Once upon a time my wife got a batch of free magazine subscriptions in some promotion and we ended up with Travel Holiday. It was an especially awful travel magazine, one where you couldn’t tell where the ads stopped and the stories started. One big blur of luxury hotels and natives catering the rich traveler’s every whim. Apparently even the wealthy found little to like about it as it went out of business earlier this year.
In some kind of marketing list transfer deal, we then ended up with Conde Nast Traveler for free. The articles are a tad better and you can usually tell which ones are paid ads, but it’s still the same attitude of short pampered vacations with the bare minimum of local culture to make you remember you’re not at home.
Every once in a while, however, you see some article that gets out of that pattern, so I had tentative high hopes when I saw something in this month’s issue about a 65,000 mile round-the-world journey by one of the magazine’s writers. What it turned out to be though, was a lesson on how NOT to do an around-the-world trip.
The writer wasn’t content to actually spend some time in places and see what made them tick. Instead he had to turn it into something fit for reality TV, turn it into a challenge, a race, an endurance test. (Not surprising for an American, unfortunately–everything becomes a competition here.) How long did he spend using this $5,300 batch of tickets through 46 cities on six continents? Less than two months. The longest he spent in one place was four days. In one city he spent a total of 17 hours. He proudly lists the average hours of sleep per night at 4.5 and the number of cups of coffee at 249. When the writer says, “All too often, I could be found running breathless for my next flight,” I felt myself saying out loud, “No s*&#!”
This is an extreme example of course, and probably one that only someone going on someone else’s dime would attempt. But this mentality is not uncommon for those planning their first journey around the world. Many of them want to “do it all,” as if this will be their only trip away from home their entire life. They want to tick off the boxes, take the snapshot, and move on. As a result, their impressions of a place are shallow, all the locals they meet are ones trying to sell them something, and they spend half their journey on planes, buses, trains, and ferries. If it takes you over four hours just to book your flights, as it did with this writer, then you’re trying to do way too much. If you’ve only got 48 hours in Egypt and you’re spending some of them on line booking a hotel for your next stop in London, your itinerary is way too stuffed.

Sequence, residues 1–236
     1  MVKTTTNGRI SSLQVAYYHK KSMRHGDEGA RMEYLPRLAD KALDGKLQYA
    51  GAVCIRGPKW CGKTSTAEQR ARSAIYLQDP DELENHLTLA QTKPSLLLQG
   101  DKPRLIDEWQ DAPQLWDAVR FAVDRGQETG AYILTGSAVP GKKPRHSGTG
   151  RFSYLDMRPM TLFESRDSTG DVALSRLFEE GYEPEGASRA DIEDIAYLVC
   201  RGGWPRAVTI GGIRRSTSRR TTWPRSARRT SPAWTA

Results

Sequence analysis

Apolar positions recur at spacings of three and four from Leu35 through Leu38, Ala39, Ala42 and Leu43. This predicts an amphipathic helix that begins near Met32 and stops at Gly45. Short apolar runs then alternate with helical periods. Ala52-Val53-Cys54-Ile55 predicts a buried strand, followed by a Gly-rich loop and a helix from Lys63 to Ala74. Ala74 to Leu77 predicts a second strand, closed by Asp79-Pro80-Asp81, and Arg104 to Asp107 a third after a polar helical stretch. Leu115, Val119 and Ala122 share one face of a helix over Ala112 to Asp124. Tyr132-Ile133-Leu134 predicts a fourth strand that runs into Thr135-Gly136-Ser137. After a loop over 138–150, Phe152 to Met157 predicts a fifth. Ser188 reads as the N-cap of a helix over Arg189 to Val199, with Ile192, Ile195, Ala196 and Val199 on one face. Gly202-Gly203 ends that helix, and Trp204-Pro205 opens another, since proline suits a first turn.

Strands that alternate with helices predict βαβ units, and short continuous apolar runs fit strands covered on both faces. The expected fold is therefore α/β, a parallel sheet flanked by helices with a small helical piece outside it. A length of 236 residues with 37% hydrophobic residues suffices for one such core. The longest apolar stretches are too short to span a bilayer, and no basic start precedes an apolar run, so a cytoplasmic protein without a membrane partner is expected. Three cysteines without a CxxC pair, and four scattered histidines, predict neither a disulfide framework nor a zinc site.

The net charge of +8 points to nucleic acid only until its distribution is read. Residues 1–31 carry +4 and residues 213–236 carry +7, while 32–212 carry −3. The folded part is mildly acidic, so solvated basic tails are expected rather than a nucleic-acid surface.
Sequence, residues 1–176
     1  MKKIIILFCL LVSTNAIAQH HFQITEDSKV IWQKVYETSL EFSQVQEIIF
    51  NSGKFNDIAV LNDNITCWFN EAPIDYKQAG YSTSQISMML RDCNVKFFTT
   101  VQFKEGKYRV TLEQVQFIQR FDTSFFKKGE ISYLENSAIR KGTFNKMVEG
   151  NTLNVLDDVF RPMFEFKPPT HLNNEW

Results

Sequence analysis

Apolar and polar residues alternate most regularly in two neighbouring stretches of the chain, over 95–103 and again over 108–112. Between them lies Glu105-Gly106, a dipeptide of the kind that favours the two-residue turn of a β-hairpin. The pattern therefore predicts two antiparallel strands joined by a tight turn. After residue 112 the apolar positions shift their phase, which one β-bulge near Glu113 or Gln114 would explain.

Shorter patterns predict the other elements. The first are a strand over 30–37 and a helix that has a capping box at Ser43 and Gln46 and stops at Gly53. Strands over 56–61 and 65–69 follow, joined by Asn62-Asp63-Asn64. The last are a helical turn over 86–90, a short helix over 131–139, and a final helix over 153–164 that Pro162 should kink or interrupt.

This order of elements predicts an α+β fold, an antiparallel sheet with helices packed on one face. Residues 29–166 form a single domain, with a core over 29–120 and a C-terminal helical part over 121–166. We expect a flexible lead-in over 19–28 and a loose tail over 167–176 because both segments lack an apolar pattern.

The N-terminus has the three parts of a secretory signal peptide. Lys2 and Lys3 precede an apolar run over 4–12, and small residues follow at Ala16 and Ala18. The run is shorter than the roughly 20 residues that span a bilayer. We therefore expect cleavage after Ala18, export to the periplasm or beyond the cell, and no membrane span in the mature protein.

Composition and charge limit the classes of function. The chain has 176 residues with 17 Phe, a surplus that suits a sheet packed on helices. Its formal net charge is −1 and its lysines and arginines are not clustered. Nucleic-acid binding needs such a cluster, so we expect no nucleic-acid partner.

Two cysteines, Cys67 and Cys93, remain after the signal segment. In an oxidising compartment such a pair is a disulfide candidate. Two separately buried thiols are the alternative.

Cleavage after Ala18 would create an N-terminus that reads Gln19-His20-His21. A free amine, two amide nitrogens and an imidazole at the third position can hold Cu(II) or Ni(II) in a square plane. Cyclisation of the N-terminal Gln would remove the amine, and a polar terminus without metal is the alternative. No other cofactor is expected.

On our third time circling the globe, we suffered a particularly hellish ferry ride out to the Togian Islands off Sulawesi in Indonesia. The overstuffed boat left after midnight (hours late) and hit rough seas, forcing nearly everyone into a state of regurgitation. Then the sun came up on our boat, sitting on the equator, and we all baked until arriving at our destination a couple of hours before sunset. When we finally threw our packs down in our bungalow, we vowed not to leave for at least a week. A Canadian couple came over with us on the same ferry. They had already breezed through South America, Africa, Europe, Australia, and New Zealand and were frantically trying to cram in the rest of Asia before their RTW ticket expired. They ended up staying three nights on this blissful (and blissfully cheap) tropical island, then bid everyone goodbye. They had places to go, sites to pose in front of, things to check off their list. They only had a year to see the world and by god, they were going to see it all. “This is the longest we’ve ever stayed in one place!” they explained cheerfully.
When we asked them earlier what they thought of particular places they’d been, they’d talk about monuments, their guesthouse, what the buses were like, or that perfect slice of chocolate cake they’d gotten at some cafe. They hadn’t had the time to delve any deeper. Like a glossy travel magazine article that doesn’t look much different than a brochure, their stories didn’t have any meat.
If you decide to travel around the world for a few months, a year, even two years, don’t try to do it all. Spend some time getting to know a place and it’s people. Relax. Ride a bike away from the sites. Take walks without a map. See more than the inside of transportation vehicles and guesthouses. Meet locals who don’t make money off of tourists. Remember, it’s not a competition and there’s no winner. Nobody back home will care if you’ve been to 24 countries instead of 12. Really see and feel the 12 and you’ll be much more fulfilled. Unless you die a young tragic death, you will travel again. Travel is much like the snack foods you can’t stop eating–you won’t be happy with just one trip. Save some things for the next one…